Alecos Fassianos (Greek, born 1935) Foulard aux poissons 200 x 250 cm.
Lot 101AR
Alecos Fassianos (Greek, born 1935) Foulard aux poissons 200 x 250 cm.
Sold for £157,250 (US$ 264,804) inc. premium
Auction Details
Lot Details
Alecos Fassianos (Greek, born 1935)
Foulard aux poissons
signed in Greek (upper left); titled (upper right)
oil on canvas
200 x 250 cm.


    Zoumboulakis Galleries, Athens.
    M. Komninos collection, Athens.
    Bonhams, London, The Greek Sale, 11 June 2002, lot 68.
    Private collection, Athens.

    Athens, National Gallery, Fassianos Mythologies of Everyday Life, 24 November 2004- 28 February 2005, no 131 (illustrated in the exhibition catalogue).

    Fassianos, Adam Editions, Athens 1990, p. 90-91 (illustrated).
    Alecos Fassianos, Ta Nea Publ. - Adam Editions, Athens 2007, p. 52 (illustrated).
    P. Cabanne, D.T. Analis, Fassianos, Éditions de la Différence, Paris 2003, p. 117 (illustrated).

    Full of life and embraced by the miracle of the Greek light, this quintessential Fassianos captures the eternity of the moment, celebrating the artist's spontaneous delight in graceful and timeless forms, while demonstrating his power to seize the day with creativity, innocence and childhood joy. "The images of summer run through my mind. These ethereal, charming, fleeting images I capture like a fisherman. I weave the nets of my memory; I paint the colours that glow like fish sparkling in the sea."1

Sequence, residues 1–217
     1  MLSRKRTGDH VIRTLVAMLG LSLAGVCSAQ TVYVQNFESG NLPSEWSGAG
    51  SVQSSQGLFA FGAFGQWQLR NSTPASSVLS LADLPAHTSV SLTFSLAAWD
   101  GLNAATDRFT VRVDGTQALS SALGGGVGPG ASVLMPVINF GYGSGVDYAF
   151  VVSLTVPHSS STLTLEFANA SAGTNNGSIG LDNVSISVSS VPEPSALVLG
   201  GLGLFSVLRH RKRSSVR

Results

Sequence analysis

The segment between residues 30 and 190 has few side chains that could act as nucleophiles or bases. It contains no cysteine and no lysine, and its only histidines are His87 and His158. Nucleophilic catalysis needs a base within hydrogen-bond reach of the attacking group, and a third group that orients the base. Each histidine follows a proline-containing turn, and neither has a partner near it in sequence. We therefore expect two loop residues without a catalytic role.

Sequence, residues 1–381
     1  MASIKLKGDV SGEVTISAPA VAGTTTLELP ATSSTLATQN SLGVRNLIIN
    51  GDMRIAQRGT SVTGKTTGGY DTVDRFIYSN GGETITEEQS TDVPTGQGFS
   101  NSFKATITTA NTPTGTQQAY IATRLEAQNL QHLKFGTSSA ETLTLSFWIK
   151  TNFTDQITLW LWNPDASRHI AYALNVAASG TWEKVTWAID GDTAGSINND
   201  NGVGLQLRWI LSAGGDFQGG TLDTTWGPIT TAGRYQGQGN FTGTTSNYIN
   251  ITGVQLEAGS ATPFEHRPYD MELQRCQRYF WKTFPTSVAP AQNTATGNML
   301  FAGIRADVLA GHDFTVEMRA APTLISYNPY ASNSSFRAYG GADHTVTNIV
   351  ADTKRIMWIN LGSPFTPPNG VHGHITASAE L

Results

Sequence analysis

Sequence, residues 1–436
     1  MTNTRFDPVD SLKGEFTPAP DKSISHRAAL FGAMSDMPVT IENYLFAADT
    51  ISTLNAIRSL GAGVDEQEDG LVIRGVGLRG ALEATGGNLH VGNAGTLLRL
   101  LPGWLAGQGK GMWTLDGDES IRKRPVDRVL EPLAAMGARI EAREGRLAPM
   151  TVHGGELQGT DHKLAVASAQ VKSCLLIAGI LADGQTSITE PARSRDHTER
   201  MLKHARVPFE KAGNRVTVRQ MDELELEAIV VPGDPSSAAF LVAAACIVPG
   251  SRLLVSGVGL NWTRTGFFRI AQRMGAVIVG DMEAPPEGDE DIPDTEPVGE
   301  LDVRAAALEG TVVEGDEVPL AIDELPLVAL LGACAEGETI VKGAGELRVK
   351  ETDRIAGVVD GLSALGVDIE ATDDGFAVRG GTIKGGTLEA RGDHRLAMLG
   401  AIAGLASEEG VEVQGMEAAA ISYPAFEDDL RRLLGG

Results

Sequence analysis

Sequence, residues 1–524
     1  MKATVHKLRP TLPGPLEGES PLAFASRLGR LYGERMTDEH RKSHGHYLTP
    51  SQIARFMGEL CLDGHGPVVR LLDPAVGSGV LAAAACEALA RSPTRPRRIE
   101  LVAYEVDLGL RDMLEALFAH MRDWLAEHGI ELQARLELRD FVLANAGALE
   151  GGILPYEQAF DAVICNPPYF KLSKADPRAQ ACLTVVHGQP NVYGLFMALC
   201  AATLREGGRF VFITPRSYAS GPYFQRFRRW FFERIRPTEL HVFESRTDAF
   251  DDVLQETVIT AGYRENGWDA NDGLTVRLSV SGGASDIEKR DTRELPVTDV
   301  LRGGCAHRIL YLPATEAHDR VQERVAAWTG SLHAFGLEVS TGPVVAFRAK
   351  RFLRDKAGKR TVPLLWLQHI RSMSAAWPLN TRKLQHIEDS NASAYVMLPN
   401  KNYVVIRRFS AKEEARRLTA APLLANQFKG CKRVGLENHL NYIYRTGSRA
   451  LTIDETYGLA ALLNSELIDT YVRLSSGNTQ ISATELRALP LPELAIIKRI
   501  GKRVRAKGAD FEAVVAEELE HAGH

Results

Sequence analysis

Jean-Marie Drot, former director of the French Academy in Rome, notes that "for Fassianos, the artist's ultimate goal is to transform the most elemental aspects of everyday life, the most familiar figures into divinities, retracing, in reverse, the ancient tradition that allowed the great Olympian gods to assume the guise of mortals and mingle with them, talk to them and even seduce them without scaring them."2 Just as the fish cannot live except in water, Fassianos cannot live without painting whatever he feels about life, whatever touches him: a foulard waving in the wind or some humble straws on a "low courtyard wall that gives us a sense of identity. The things which attract me are the real things, the things that last forever."3

    1. A. Fassianos, Eikastika magazine, no. 36, December 1984, p. 32.
    2. J.M. Drot, as quoted in Alecos Fassianos, Athlos, Mythos, Eros [in Greek], Kastaniotis publ., Athens 2004, p. 82.
    3. A. Fassianos, The Low Wall, in Today, and Tomorrow and Yesterday [in Greek], Kastaniotis publ., 1990, p. 86.
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  1. Olympia Pappa
    Specialist - Greek Art
    101 New Bond Street
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    United Kingdom
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